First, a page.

Education

GL students learn it's not always alcohol. Distracted driving is just as fatal

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Credits: Berkeley Heights Volunteer Rescue Squad
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BERKELEY HEIGHTS, N.J. - Members of the Governor Livingston High School senior class learned a lot about distracted driving last week, when they witnessed a reenactment of a fatal motor vehicle accident at the high school.

The program, which was held on Wednesday, May 27, was put on through the collaborative efforts of all the Mountainside and Berkeley Heights emergency services - police and fire department and first aid squads - Maria Esteves from the Union Prosecutors Office, the Berkeley Heights Board of Education and Atlantic Ambulance Medivac Helicopter. It was run by Detective Shaun Bendik of the Mountainside Police Department and Bob Segear, the student assistance counselor, at the high school.

Samantha Lloyd, a member of the Berkeley Heights Volunteer Rescue Squad and its deputy chief of operations took part in the program. She said she believes "the last time this program was presented to the GL students was 2009 ... We really felt privileged to be part of a very worthwhile program presents to the GL seniors."

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Three members of the Berkeley Heights Volunteer Rescue Squad took part in the program -  Lloyd, Narkiss Sternberg and Scott Brookes, a 2013 graduate of the high school. Both EMTs from the Mountainside Volunteer Rescue Squad - Cassie Kinney and Elisa Paras - were graduates of the high school.

In a release from the school Segear wrote, "The TREND Club Executive Board Members took active roles in the reenactment by role-playing as drivers and passengers, in the two crash vehicles that brought to the high school by DeFalcos Towing Company.

"The senior class stood and watched as they were told how the accident occurred and then heard the live 911 call. The scenario of the accident that left two dead was created by Mountainside detectives. In one car, there were two people in the car; in the second, three.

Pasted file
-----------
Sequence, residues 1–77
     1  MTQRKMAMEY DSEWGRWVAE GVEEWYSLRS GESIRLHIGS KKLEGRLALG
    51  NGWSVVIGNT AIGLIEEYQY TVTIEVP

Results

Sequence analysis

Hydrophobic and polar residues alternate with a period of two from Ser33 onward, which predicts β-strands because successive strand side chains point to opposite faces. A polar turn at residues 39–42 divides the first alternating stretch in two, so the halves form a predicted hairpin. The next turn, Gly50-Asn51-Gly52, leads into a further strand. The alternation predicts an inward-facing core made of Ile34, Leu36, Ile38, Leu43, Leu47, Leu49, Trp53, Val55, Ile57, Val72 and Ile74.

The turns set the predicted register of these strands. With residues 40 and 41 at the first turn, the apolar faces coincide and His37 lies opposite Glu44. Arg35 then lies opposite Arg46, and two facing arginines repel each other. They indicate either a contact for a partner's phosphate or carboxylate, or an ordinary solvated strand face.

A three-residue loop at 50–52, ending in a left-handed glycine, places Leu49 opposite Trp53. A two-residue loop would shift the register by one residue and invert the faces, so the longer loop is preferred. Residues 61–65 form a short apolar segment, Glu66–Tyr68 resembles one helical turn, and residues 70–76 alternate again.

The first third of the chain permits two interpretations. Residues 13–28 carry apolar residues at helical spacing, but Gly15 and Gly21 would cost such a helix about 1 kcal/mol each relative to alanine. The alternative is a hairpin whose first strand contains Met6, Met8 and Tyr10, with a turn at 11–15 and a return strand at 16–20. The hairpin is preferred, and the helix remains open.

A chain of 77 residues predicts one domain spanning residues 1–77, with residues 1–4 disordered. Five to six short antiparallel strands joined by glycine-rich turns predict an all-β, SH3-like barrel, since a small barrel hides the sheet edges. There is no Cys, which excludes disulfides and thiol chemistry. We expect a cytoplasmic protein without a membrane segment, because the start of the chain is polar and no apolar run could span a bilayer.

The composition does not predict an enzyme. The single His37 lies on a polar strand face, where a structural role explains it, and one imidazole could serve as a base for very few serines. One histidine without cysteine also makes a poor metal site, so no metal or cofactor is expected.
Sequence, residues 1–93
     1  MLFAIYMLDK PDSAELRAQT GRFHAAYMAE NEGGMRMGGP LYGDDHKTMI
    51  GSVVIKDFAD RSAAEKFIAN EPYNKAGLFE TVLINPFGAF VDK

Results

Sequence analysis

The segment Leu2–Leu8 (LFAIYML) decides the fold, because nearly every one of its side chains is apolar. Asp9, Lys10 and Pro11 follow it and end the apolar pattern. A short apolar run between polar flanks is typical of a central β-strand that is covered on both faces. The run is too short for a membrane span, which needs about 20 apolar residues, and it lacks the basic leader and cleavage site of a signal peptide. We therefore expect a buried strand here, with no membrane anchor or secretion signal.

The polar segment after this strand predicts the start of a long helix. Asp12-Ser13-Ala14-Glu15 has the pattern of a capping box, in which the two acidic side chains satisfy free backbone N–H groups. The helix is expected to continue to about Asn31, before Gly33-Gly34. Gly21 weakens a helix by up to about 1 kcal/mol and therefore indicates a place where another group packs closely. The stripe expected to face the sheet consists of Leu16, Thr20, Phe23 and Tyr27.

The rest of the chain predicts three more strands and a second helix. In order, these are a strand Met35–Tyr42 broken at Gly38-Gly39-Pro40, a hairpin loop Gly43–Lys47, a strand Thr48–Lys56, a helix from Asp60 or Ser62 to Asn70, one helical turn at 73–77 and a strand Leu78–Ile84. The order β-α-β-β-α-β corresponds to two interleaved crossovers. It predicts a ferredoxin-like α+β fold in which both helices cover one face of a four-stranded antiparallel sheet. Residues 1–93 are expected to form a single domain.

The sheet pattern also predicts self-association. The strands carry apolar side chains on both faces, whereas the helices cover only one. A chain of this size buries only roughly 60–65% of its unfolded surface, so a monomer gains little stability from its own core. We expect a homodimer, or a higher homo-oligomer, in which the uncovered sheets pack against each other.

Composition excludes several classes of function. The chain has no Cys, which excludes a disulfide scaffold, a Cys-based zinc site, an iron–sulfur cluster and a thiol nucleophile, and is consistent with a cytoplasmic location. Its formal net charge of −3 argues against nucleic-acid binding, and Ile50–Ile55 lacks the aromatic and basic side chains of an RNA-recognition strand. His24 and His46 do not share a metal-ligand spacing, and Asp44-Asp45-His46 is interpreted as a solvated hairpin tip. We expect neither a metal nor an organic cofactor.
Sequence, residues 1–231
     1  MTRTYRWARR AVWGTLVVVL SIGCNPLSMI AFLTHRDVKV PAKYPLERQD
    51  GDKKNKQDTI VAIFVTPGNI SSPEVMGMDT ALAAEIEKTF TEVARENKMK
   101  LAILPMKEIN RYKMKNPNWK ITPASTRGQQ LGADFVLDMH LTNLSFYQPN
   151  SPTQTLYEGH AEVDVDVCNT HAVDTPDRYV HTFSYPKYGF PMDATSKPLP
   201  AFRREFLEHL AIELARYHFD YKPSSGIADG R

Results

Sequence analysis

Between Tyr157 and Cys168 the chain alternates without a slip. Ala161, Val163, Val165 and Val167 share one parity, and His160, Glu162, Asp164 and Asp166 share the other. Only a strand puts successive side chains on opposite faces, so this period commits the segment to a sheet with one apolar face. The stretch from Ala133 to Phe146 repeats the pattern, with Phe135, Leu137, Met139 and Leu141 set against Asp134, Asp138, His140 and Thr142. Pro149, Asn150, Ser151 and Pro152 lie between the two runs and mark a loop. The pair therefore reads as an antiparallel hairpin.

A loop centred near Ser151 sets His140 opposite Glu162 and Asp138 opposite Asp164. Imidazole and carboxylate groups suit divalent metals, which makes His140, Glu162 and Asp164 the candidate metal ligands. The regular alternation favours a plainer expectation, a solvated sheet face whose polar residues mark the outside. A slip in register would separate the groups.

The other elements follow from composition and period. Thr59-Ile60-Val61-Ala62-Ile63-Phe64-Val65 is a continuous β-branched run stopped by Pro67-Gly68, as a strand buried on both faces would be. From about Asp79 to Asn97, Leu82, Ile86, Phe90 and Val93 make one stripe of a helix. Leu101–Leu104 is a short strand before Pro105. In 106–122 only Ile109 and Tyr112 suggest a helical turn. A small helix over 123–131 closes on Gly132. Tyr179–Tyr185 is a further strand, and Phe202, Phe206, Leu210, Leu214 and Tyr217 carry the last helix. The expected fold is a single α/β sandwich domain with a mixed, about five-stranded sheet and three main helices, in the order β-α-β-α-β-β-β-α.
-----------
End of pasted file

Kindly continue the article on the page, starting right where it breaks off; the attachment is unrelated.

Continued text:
In the simulated accident, the designated driver of one car, Tara Nixon, (fictitious name), who was sober, was passed a cell phone by one of her intoxicated passengers. When Tara was responding to the text message, she went through the red traffic light and hit the other car, killing both the driver and passenger," Segear wrote.



The fictional consequences of the simulated two-car accident were, the driver who was texting, Nixon, and her two passengers were injured. The two people in the car that was hit suffered more serious injuries - the passenger was killed instantly, the driver was in critical condition, and later died at the scene of the accident, Lloyd said.

The high school seniors watched as police cars were dispatched and responded in real time. Upon their arrival the police officers assessed the accident examined the victims and radioed for the First Aid Squad and Fire Department.

When members of the First Aid Squad arrived, they began treating the injured and called for the Atlantic Ambulance Medivac Helicopter because of the critical state of two of the crash victims.

The helicopter landed on the ball field, Segear wrote.

Lloyd said the students watched from the beginning, when the mock accident first occurred, and saw how first responders are dispatched and arrive at the scene of an accident. They also saw how EMTs do their work, treating the injured, as needed, and how fire department personnel can use the Jaws of Life to take off the car's roof and remove people. They also heard the helicopter arrive and watched its landing at the ball field. Finally, they saw "the police response, which involved the arrest of the texting driver."

After the driver was "arrested," the senior class was taken to the auditorium, where they heard Maria Esteves, the victim witness advocate from the Union County Prosecutor's Office tell her own family's story. Her eight-year-old daughter and her uncle were hit and killed by an impaired driver while they were crossing the street, on their way to the market.

After Esteve's powerful story, the students watched as a judge sentenced Nixon, the driver who had been texting at the time of the simulated accident, to eight years in prison and took away her right to drive for 10 years.  Nixon was handcuffed in the court room and taken to a jail cell.

At the end of the assembly the students were reminded by Segear to enjoy the prom and graduation by being safe and looking out for one another.

Lloyd said throughout the program, "the students watched intently and got to see how quickly things can change when bad choices are made."

Segear wrote, "At the end of the program, many students commented that the program was very powerful and sent a clear message. 'Distracted driving is as deadly as driving while impaired.'"

Video Credits GLTV

 

 

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